Monday, May 28, 2007

How do you know when...

This is pretty local and arcane, but people in Texas who have been following the recent events in the Texas House of Representatives will know what I am talking about.

An old bad joke made worse (something Texas politicians are good at):

Q: How do you know when Tom Craddick is lying?
A: When Terry Keel's lips are moving.

When the people of the state declined to make Keel a judge on the Texas Court of Criminal Appeals, they forgot to drive a stake through his heart.

OK, I suppose I should explain this. It's simply too obscure.

Terry Keel was my rep in the Texas Legislature. Although (because of gerrymandering) he represented what was considered a safe Repub seat, his ambition led him to run for higher office. Whether because of his haircut, which, though comic, is a trivial issue but probably the deciding one, or because of his politics, which combined an opportunism he is unable to conceal with an extremism which down-home Republican extremists probably suspected, unjustly, was merely simulated, he lost.

Cheers arose from all of us who have had anything to do with him. A Democrat won the seat he vacated. Hurrah!

Meanwhile, the speaker of the Texas House, Tom Craddick, a minor league henchman of Tom Delay, was running into difficulty with his own party in the Lege because of his high-handed ways. I don't know the details of why--his arrogance, favoritism, and stupidity have not changed and have not harmed him in the past so I see no reason why they should suddenly do so now--my guess is that backroom backstabbing is involved--but anyway a revolt broke out and a head count showed he did not have the votes to keep his post. So, his response to this situation was to fire the Parliamentarian (a paid official) whose job was to make sure parliamentary rules were followed, and he hired an unemployed pol, the selfsame Terry Keel mentioned above, as a replacement.

The reason quickly became apparent. One thing that Craddick is not, is quick on his feet. In fact he is possibly the most inarticulate and witless politico this side of George Bush himself. You have not seen a deer in the headlights until you have seen Tom Craddick attempt to answer an unfriendly question. Keel, on the other hand, though creepy beyond belief even without his black cape, is smart.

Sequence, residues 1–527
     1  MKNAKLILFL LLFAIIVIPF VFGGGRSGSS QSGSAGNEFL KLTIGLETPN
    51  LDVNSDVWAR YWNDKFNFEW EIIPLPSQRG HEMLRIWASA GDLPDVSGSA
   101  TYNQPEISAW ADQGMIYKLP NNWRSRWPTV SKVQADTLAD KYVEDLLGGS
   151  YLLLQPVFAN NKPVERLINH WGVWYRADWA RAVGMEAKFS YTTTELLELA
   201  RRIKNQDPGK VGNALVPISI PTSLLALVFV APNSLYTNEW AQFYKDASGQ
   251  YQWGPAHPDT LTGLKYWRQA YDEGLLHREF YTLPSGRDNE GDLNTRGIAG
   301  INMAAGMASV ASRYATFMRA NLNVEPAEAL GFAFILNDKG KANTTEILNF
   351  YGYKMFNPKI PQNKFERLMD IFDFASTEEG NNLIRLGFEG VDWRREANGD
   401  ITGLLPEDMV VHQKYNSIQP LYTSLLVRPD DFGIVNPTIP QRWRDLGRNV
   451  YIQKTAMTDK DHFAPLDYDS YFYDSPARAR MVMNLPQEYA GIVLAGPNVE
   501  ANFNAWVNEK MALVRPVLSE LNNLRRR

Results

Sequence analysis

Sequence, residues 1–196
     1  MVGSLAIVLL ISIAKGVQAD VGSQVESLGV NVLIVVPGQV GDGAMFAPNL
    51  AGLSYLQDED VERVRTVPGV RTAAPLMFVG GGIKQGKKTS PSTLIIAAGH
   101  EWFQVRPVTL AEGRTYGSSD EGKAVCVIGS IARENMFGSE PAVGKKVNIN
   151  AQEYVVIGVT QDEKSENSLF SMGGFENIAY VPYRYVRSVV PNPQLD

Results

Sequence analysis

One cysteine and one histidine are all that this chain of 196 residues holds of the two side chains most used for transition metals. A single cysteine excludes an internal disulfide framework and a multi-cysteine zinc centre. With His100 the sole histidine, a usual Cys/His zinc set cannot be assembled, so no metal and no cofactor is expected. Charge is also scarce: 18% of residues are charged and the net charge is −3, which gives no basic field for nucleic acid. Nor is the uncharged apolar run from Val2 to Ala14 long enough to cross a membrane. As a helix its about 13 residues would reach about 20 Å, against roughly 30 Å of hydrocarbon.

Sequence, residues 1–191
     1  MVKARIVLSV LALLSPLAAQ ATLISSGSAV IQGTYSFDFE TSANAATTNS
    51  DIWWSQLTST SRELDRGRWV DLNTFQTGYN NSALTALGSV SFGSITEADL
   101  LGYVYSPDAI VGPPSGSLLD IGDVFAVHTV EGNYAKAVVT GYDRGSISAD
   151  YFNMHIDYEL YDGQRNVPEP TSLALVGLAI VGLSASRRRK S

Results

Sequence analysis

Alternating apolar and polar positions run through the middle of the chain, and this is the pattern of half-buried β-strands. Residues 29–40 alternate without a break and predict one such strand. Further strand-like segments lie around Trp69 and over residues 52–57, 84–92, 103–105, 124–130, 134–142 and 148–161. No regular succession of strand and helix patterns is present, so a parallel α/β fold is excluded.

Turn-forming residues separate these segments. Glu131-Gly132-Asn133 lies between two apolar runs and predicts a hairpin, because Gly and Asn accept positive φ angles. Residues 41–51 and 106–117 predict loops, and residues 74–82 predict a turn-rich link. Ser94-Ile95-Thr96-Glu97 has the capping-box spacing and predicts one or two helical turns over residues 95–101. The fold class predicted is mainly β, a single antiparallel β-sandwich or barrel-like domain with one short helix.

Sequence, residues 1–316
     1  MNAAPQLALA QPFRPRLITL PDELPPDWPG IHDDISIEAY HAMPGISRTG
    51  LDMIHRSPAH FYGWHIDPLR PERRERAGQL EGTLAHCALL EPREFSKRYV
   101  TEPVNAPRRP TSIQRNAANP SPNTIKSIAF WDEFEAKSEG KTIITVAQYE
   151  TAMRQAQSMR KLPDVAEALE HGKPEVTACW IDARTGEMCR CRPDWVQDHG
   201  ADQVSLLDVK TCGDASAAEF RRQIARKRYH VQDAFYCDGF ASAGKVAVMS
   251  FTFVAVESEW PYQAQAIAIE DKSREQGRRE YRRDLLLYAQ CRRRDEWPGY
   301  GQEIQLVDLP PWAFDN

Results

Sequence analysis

So for the duration of the (failed) revolt, about 3 days, those of us with enough curiosity to tune in on the local access channel which had the Lege live, could see someone raise a point of order, and Craddick would turn to Keel, Keel would speak in slow three or four word phrases (the limit of Craddick's short term memory, apparently) which Craddick would repeat verbatim on the mike. The world's worst puppet show.

In this way, Keel orchestrated a refusal to recognize any motion whatsoever to remove the speaker. And the orchestration was successful. I fear that Keel will go far.

Thursday, May 24, 2007

The Zen of dragonfly photography

The word zen, which arrived in Japan after a complex millenia-long meander through East Asia of ever-more-mispronounced Sanskrit, means meditation. I have practiced Buddhist meditation, in one way or another, for more than 30 years. I do still sit in meditation, but i prefer to bring a certain amount of zen to my ordinary life--though the preference does not necessarily imply success in the project.

I find dragonfly and butterfly photography very meditative, unlike regular attendance at my local zen meditation hall, which requires 12 miles of driving on Interstate 35, each way. The drive hones your survival skills, assuming you survive, but in general is unmeditative in either direction, regardless of whatever degree of spiritual awakening you may have arrived at in the interlude between each half of the commute.

I actually like to sit zazen (which redundantly means sitting meditation) at home, and (rarely nowadays) at my local zendo, but the drawback mentioned keeps me from doing the latter much. Before I retired, my work was in the same part of town as the zen center, so since I was already in mid-town Austin, it made sense to go pretty regularly. If I went to the evening zazen after work I could look forward to sitting crosslegged on a cushion looking at a wall for 40 minutes--not for everyone, I realize--and in recent years, not for me, because of hip stiffness, so I sit seiza instead of crosslegged, that is you sit on your ankles, ideally with the aid of a cushion or a small bench made for the purpose. Then I would drive home after rush hour, which generally involved less adrenalin than the 5 o'clock traffic itself does.